Christian and jewish dating
Before the revision, the non-Catholic party had to sign a document saying they agreed that their children would be raised Catholic.Post-revision, the Catholic spouse pledges to maintain his or her faith and “to do all in her or his power so that all offspring are baptized and brought up in the Catholic Church.” The non-Catholic is informed of that pledge.When the two decided to get married, the prospect of planning for a Jewish-Catholic ceremony and, more importantly, a marriage got easier when they found an understanding priest, Father David Bline, pastor of St. Bline had worked with Rabbi Susan Stone on another interfaith marriage and put the couple in touch with her.Richards and Levy went through both Catholic and Jewish pre-marital counseling and were surprised at how “refreshingly similar” the advice they received from both sides was.All the ceremony components were explained to guests in an extensive program.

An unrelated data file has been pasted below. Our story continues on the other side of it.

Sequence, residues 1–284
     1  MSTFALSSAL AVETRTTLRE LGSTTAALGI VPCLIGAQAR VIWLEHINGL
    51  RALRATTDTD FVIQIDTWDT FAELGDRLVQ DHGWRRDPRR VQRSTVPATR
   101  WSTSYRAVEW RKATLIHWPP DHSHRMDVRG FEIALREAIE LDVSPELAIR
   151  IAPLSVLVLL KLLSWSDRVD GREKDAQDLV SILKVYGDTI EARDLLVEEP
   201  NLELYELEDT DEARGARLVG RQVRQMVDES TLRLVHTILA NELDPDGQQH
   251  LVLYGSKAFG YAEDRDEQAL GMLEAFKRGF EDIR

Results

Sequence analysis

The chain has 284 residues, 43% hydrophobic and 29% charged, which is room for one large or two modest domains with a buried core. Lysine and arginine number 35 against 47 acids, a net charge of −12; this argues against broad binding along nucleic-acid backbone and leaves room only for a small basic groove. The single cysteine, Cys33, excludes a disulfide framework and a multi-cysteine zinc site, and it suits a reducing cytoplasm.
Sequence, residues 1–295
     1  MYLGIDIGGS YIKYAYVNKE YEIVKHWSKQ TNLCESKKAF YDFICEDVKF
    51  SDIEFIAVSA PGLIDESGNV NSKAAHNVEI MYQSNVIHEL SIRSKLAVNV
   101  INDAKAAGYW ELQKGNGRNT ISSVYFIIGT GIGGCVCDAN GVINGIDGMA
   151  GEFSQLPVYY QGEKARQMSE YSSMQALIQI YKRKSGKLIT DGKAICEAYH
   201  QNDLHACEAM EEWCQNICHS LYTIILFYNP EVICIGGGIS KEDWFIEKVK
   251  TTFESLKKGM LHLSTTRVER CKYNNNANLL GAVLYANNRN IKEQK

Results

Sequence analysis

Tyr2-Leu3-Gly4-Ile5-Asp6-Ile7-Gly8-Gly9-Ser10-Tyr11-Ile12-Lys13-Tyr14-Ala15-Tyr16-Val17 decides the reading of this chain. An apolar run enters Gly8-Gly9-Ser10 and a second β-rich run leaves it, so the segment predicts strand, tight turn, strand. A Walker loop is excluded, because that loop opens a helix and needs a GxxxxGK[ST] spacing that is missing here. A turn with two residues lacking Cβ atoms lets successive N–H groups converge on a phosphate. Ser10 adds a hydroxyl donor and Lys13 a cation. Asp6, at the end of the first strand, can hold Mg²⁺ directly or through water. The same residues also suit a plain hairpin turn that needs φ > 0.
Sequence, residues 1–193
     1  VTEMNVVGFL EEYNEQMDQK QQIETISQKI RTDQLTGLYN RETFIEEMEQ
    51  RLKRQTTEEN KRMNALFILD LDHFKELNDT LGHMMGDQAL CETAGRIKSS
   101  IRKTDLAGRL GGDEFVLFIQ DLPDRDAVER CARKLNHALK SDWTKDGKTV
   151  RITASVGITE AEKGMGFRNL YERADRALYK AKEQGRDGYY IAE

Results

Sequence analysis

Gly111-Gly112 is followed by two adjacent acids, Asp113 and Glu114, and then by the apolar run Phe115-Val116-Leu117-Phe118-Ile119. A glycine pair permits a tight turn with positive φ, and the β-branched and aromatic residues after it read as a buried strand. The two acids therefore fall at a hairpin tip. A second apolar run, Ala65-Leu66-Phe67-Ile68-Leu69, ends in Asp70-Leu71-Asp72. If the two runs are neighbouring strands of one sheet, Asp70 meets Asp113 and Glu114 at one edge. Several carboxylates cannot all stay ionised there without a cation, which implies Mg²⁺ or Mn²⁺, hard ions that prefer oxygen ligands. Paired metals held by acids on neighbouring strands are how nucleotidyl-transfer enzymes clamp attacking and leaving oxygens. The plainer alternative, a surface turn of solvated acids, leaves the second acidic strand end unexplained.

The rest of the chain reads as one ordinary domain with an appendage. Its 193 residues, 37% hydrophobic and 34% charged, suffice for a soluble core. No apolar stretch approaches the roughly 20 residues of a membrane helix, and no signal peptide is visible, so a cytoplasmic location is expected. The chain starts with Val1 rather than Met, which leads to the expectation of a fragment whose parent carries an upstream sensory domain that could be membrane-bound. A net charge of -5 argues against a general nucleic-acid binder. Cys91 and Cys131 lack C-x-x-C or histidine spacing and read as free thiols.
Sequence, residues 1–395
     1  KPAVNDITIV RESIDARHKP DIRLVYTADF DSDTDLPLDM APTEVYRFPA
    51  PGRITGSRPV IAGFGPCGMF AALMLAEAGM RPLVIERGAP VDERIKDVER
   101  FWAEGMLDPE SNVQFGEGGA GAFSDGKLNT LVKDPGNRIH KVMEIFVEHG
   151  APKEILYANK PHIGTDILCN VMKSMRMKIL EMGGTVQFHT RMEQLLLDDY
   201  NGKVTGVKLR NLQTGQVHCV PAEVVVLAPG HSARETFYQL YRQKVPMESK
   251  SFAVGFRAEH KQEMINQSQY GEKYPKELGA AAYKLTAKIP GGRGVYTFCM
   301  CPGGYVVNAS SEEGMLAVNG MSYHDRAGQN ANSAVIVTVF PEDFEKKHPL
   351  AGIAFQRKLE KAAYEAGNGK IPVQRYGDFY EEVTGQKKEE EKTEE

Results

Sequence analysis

As they dated, the two made sure big issues like how their children would be raised or what religious traditions were important to them were discussed respectfully and resolved early on without either forgoing their faith.
“For many years, I told myself (and others) that I was going to the nearby Catholic college so I could meet a nice Catholic boy and get married,” Richards recalls.
But when she met Levy—who is Jewish—the two quickly became friends and eventually started dating.
My son came home from school one day a few months ago feeling distressed.
He showed me the results of a physics exam, and I admit that I was shocked too.
Fast-forward several years: Richards and Levy, both 27, are newlyweds who married in a Jewish-Catholic ceremony.